Tomorrow, Orla will have a needle inserted into one of her hip bones to aspirate some of her bone marrow so it can be examined closely under the microscope. This will hopefully confirm the great results we have received a little while ago which measured how much of her blood cells are male (from the donor) compared to female (her own which survived or regenerated following the chemotherapy). Looking at the marrow itself will give an even clearer indication at what is going on. As the bone marrow aspirate involves a general anesthetic, we thought we would take the opportunity to do a few extra things, it would be a waste of an anaesthetic otherwise! So tomorrow Orla will have her Hickmans line removed and her nasogastric tube replaced. Removing the Hickman line is a big milestone. This has been decided with careful consideration by the BMT doctors as if she needs an IV infusion, more than likely blood transfusion or immunoglobulin, now she will need a line inserted into one of her veins to do so. The doctors and I agree that the risk of infection is greater with the Hickamans line in than her needing intravenous access for anything else. It will be a great relief for Orla to have a bath without the concern of the Hickman site getting wet and not having to wrap it in glad wrap and tape it at bath time time. We decided to replace the nasogastric tube as it seems she may need it for a few months yet and 4 or 5 months is the lifespan of a nasogastric tube normally. Usually, both the Hickman removal and replacing nasogastric tube would not be performed under anaesthetic but Orla would thanks us if she knew I’m sure. Finally, the ear nose and throat doctors are going to have a look in her ears while she is asleep to check her grommets, again an easier task while she is unaware!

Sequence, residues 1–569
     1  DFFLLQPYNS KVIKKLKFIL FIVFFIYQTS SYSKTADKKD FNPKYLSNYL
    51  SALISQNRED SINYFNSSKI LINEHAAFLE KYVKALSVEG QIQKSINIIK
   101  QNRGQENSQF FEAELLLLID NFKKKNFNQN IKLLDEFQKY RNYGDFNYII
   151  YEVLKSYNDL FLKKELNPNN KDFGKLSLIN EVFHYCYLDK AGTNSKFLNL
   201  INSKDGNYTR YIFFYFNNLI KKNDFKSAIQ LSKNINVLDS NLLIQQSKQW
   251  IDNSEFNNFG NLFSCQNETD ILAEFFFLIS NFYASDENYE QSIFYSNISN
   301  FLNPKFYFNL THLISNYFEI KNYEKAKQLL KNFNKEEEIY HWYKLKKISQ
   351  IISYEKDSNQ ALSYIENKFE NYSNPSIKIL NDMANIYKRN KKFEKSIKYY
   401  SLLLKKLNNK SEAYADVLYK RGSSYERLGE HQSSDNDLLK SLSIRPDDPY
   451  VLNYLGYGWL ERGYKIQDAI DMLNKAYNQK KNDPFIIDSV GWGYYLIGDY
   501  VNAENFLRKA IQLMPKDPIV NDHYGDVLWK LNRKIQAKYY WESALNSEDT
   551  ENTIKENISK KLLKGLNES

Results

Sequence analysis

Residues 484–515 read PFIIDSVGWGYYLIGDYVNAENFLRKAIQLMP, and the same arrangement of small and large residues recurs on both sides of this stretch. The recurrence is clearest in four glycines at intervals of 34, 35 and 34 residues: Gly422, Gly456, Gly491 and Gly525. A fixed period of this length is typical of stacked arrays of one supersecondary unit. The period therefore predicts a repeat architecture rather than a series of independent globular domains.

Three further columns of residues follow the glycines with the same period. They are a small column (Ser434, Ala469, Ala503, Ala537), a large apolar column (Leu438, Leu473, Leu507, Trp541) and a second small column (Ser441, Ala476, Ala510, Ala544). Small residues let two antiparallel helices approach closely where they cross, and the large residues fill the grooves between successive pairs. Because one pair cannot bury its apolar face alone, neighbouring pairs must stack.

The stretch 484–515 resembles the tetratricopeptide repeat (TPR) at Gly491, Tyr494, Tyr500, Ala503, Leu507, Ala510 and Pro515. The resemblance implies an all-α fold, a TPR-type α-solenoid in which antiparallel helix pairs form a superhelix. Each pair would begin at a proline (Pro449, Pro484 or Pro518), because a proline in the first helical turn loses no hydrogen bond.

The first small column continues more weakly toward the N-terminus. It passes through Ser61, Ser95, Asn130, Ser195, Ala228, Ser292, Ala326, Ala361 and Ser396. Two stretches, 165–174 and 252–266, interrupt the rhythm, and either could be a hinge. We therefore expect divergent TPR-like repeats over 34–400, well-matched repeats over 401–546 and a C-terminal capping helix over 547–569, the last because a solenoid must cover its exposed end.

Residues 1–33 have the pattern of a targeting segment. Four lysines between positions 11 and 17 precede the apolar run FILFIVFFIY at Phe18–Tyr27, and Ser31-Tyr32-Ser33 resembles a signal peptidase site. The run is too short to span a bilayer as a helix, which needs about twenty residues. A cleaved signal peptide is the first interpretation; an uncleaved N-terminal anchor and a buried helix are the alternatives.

Day + 100…..A Big milestone!